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Make Payment History Your Number One Priority

July 4, 2017

Accounting for 35% of your credit score, your payment history is the single most important factor. Your history of making payments on time is the strongest indicator of whether you will pay future debts as agreed upon. Your payment history measures your financial responsibility from day one. The clock starts ticking when you get your first credit card or take out your first loan.

What items make up your payment history?

Your payment record on following accounts—credit cards, retail accounts, installment loans (auto loans, for one), and mortgages.

Any public record and collections on file—bankruptcies, foreclosures,

Missed and late payment details—how late they were, how much was owed, how recently and how many times they occurred. These are important details that come into play when your score is being calculated.

Late payments can be disastrous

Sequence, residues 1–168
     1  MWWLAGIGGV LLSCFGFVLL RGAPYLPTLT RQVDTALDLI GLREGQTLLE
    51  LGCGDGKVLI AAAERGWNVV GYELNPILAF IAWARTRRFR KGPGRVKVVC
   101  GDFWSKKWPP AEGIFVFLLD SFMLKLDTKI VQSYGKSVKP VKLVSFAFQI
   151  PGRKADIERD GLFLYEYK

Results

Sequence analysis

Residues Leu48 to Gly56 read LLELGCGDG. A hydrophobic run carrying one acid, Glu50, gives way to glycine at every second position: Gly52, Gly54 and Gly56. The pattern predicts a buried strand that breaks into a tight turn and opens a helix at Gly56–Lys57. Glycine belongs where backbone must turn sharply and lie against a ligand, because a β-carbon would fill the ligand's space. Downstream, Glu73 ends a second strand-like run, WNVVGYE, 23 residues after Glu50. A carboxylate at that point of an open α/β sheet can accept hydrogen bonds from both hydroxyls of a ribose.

To put its impact into perspective, a 30-day late payment can drop on average 90 to 110 points. Of course, this depends on the sturdiness of your previous history. If you’ve been consistently on time, this slippage will be less damaging; but if you haven’t been, the drop could be even more severe.

Whatever that goes on your credit report are reported by creditors (with the exception of judgements). Some creditors might give you 30 days before they report a late payment, and some might report it on the very day it’s due. Don’t take any chances. Pay everything on time.

How do I improve my payment history?

For starters, make on-time payments consistently. This is your number one priority, and no account is less important. With each slip, the damage late payments have to your score will grow exponentially. It can take years to recover your score to the same number.

Next, make sure your payment history is being accurately reported. Pull up your report from any of the online providers (we recommend IdentityIQ, but you can also use any free service such as CreditKarma). Creditors are people, too, and they make mistakes. Collections are sometimes misplaced or even duplicated on reports. By reviewing and straightening out these inaccuracies, you’ll have a report that doesn’t take away from what you’ve accomplished.